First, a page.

Students at St. Thomas More send love through art to Syrian refugees

Published: Mar. 29, 2018 at 8:51 PM MDT
Email This Link
Share on Pinterest
Share on LinkedIn

A picture is worth a thousand words and for kids in a war torn country... a portrait can mean so much more

Zachary Basham, senior at St. Thomas More says, "Art is like a universal language. People used pictures to talk long before words."

Communicating across the world can be difficult but for students at St. Thomas More ... they simply did what they do best.

Basham says, "I was very excited I thought it would very fun because there is this whole other side of the world and sometimes you don't think about it but to make an art project and send it there was really fun."

Through a foundation called the Memory Box Program ... the art students crafted a portrait from a picture to send back to children at Syrian refugee camps.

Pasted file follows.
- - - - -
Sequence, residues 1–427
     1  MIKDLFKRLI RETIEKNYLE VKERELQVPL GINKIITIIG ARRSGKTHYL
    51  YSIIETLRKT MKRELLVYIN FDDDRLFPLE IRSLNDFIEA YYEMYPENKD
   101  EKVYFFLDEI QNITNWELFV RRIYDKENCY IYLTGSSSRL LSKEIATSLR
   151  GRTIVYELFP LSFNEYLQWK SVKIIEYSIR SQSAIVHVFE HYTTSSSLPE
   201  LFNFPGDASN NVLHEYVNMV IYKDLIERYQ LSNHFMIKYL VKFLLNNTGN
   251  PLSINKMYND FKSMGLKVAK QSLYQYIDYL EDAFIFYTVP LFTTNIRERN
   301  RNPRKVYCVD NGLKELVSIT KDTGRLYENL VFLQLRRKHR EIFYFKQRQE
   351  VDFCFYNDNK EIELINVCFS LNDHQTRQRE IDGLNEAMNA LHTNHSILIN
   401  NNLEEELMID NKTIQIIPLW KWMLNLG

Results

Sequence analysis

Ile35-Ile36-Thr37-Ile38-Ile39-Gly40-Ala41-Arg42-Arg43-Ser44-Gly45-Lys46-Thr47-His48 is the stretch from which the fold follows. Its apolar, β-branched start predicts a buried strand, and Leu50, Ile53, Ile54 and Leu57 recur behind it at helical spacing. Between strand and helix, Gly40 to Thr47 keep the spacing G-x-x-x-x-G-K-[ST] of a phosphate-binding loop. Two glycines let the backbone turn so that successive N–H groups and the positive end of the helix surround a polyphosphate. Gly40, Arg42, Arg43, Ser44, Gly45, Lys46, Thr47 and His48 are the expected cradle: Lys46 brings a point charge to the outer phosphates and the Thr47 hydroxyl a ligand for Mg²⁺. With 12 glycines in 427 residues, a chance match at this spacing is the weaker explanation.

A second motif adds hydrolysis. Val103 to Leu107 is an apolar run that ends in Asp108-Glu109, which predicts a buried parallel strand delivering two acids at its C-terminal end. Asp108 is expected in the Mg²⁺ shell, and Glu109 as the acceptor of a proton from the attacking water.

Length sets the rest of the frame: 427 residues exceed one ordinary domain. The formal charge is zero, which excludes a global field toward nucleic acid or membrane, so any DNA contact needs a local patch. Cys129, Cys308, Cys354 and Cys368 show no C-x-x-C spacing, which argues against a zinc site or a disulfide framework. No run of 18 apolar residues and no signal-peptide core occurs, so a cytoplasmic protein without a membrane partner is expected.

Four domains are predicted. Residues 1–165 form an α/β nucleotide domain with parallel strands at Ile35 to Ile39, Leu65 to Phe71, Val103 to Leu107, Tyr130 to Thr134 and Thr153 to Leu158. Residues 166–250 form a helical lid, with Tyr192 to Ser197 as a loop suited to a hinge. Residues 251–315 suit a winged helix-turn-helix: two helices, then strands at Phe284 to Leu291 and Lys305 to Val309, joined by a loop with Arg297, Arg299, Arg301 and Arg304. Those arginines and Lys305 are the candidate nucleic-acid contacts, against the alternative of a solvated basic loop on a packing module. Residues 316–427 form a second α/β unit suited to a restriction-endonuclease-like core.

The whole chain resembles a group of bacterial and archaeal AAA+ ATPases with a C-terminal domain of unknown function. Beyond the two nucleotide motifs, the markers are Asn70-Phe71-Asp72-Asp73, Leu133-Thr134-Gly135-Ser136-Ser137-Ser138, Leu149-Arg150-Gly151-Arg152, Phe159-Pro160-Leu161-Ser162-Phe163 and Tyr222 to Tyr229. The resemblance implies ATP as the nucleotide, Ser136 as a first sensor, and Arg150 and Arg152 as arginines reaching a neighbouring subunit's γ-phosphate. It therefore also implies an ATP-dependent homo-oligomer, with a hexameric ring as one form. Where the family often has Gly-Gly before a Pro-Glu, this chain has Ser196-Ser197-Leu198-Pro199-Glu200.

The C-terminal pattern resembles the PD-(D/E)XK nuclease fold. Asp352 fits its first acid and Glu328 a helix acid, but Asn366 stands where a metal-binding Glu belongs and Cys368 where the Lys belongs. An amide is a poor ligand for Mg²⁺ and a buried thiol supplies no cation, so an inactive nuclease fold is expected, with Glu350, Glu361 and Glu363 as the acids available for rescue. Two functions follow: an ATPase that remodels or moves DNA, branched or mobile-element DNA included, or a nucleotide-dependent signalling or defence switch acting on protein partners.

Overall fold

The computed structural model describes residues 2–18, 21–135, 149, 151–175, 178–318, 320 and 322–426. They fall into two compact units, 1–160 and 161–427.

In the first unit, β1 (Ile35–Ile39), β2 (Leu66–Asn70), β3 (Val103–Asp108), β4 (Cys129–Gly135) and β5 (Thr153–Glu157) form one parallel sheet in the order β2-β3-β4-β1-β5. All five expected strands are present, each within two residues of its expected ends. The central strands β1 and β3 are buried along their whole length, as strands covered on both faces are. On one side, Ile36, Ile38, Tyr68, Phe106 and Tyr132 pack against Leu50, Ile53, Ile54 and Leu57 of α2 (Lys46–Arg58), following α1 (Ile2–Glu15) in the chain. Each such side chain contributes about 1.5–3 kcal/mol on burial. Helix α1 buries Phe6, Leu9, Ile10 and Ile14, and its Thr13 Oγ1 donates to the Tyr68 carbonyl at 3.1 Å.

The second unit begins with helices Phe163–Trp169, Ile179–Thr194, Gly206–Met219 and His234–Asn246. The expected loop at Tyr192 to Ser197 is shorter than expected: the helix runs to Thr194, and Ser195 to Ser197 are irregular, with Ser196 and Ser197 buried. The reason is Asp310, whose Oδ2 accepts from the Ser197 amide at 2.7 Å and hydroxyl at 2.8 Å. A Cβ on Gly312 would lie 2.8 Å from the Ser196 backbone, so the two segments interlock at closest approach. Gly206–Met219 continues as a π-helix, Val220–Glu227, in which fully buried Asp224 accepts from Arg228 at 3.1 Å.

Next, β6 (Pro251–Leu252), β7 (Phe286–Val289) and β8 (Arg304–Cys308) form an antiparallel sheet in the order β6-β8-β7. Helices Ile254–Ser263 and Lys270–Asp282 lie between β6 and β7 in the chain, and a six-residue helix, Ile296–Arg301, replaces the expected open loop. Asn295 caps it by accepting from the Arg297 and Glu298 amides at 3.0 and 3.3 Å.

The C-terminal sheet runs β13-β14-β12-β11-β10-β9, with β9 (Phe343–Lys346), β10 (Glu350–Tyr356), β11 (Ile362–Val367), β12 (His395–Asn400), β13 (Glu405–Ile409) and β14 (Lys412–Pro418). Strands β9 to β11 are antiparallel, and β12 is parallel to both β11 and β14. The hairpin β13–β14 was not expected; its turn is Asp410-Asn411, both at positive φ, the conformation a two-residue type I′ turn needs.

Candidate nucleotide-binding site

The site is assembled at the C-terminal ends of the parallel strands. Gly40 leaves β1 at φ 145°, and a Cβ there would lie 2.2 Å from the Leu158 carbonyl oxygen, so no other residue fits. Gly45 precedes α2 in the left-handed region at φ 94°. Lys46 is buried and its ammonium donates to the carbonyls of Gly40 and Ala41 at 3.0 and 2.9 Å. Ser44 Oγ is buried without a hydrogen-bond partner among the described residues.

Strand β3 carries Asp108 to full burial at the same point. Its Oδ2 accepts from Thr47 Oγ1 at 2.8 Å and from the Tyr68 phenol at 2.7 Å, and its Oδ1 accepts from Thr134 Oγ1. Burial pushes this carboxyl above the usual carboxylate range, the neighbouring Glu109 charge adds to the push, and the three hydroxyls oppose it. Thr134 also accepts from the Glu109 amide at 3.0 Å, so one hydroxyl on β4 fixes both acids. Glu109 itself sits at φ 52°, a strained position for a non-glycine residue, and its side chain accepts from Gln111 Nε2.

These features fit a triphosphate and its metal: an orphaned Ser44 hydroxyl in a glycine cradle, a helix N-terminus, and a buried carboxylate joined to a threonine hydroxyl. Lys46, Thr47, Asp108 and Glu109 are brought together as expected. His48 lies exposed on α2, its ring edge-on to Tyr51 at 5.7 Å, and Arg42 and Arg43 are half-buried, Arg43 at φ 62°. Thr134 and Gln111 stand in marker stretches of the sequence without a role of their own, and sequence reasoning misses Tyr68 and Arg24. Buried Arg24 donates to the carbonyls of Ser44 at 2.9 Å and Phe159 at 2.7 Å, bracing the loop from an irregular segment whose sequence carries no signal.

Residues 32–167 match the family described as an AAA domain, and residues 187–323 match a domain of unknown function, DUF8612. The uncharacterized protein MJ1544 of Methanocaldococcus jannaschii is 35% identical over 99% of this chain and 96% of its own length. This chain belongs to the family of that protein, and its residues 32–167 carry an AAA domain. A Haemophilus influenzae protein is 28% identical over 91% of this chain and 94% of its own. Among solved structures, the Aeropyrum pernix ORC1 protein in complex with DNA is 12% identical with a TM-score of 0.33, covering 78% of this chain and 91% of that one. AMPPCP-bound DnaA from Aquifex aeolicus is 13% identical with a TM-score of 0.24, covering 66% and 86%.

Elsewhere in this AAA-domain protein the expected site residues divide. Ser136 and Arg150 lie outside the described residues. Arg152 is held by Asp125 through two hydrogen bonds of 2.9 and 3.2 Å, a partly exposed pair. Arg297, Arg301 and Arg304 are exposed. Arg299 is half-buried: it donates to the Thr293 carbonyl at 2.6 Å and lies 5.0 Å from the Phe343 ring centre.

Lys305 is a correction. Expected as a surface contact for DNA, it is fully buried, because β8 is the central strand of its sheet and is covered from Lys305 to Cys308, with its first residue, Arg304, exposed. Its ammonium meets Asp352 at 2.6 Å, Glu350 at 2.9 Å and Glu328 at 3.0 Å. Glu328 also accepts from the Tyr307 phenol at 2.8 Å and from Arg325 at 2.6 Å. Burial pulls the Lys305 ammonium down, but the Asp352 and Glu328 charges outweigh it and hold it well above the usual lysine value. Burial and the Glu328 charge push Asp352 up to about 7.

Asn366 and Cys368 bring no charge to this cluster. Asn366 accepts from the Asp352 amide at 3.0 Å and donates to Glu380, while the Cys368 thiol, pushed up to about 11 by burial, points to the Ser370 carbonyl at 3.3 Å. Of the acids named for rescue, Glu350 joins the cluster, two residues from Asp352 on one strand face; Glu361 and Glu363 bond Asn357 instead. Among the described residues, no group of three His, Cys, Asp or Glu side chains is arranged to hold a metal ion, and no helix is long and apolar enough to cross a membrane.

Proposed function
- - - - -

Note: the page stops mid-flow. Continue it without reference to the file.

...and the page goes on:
Shellie Farwall, art teacher at St. Thomas More says, "We've been looking for a way to do a service project with my art club and my upper level art classes and this just seemed to be one of the best projects I've run across and i thought a way for our students to use their talents and hopefully from what i could tell make a difference."

Stone Durham, senior at St. Thomas More says, "We had some information about the kids like their favorite color and some stuff about them so I was just trying to sketch out an idea."

And means for those creating the art as well as those receiving it.

Amelya Robinson, junior at St. Thomas More says, "Its super incredible knowing that one little thing can make their day or their month or even more because it's all in the details and I can't find words but it is just a very warm feeling."

Memory Box Program organizer says, " What you have done for these children is very special for these children there are a lot of financial donations that come for the facility and everything else and they are very important but that lack the special touch that you have provided with this project."

Worlds away these students are communicating through a joint passion for art and compassion.

Robinson says, " It was really interesting how we are going to connect not only with our school system when we put our art out into the hallway but with another country halfway across the world."